After the development of multisync technology, however, the manufacturing of CRT monitors changed dramatically. Manufacturers now had the ability to create and design CRT monitors that weren’t specific to any one brand or model. Multisync not only enabled the support for any-PC compatibility, but it also supported multiple resolutions, refresh rates, and scan frequencies. It was at this moment that CRT monitors really took off, providing an enjoyable viewing experience that was both versatile and functional.
That being said, CRTs still had their flaws. Not only were they heavy, large, and ugly, but they also took up the majority of your desk real-estate. As these characteristics were undesirable by many, and thanks to the speed in which technology was moving forward, it wasn’t long before a new favorite was in town.
The First LCDs
Whilst LCD technology stretches back to the 1880s, it wasn’t until the late 1970s when liquid-crystal displays finally became available in computer monitors. At this stage, the main bulk of LCD technology was being used in calculators and watches. It wasn’t until later that desktop monitors started to see the impact of LCD technology.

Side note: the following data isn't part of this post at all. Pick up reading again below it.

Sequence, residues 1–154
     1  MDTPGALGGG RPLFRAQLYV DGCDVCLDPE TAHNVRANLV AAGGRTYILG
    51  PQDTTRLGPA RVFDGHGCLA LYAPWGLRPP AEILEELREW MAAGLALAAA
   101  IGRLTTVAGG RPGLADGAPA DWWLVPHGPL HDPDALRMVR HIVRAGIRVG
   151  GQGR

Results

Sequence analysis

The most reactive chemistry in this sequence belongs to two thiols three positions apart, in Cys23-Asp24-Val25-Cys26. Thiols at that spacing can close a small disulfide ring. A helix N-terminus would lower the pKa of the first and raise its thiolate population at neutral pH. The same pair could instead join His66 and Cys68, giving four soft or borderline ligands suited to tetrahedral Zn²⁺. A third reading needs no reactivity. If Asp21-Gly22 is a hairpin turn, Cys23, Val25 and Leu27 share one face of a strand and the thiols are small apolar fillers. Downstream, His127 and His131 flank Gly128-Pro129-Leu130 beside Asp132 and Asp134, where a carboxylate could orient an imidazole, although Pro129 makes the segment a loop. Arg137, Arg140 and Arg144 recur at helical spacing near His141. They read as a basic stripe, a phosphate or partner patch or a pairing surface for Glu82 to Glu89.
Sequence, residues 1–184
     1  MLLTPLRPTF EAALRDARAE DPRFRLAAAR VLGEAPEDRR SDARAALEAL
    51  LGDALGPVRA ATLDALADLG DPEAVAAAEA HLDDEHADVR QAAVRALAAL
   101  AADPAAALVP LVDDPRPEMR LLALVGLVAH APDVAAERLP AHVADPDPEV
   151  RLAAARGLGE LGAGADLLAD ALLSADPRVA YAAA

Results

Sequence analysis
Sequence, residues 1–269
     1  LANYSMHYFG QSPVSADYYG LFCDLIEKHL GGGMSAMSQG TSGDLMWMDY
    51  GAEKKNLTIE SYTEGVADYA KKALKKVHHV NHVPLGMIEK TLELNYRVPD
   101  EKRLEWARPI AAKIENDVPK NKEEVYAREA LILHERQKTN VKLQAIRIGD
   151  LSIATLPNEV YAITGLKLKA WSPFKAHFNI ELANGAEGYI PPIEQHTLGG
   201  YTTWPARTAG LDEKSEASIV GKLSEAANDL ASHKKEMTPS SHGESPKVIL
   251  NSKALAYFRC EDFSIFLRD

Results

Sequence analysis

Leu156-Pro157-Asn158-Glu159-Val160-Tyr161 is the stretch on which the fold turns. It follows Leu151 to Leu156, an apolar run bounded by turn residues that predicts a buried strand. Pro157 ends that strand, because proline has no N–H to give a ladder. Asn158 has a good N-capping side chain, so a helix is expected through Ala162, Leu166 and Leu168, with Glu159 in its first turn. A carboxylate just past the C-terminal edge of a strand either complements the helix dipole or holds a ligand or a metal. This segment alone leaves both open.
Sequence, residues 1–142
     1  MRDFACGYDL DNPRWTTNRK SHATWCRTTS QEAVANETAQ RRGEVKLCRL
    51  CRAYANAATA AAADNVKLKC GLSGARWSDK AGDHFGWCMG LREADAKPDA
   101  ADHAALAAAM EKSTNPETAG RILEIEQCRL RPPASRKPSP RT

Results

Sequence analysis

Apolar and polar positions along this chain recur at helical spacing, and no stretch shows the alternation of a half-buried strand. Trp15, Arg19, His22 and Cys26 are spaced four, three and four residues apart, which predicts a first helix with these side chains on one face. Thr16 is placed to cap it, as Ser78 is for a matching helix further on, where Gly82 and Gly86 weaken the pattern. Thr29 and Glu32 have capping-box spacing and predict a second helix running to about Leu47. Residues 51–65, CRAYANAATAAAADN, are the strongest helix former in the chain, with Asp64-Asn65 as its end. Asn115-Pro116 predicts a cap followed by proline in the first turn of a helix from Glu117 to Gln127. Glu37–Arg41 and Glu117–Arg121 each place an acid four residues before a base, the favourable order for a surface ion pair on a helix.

LCD technology was revolutionary when it came to the way monitors were designed. Its very existence meant that display dimensions could be drastically reduced, opening up a whole host of consumer-tailored benefits. Not only were LCD monitors thinner and less bulky, but they were also lighter and consumed much less energy. They were also larger (in terms of screen size) and could be curved – bringing a whole new level of immersion to the table. Not to mention heavily-reduced eye-strain too.
At this time, however, the manufacturing process for LCD monitors was still extremely expensive, meaning liquid-crystal displays would still be most people’s second choice – for now.
As we approach the late 1990s and early 2000s, manufacturing methods for LCD monitors have been refined substantially – now allowing creators to bring much cheaper displays to the CRT-flooded marketplace. This, for all intents and purposes, was the start of the decline for cathode-ray tube monitors.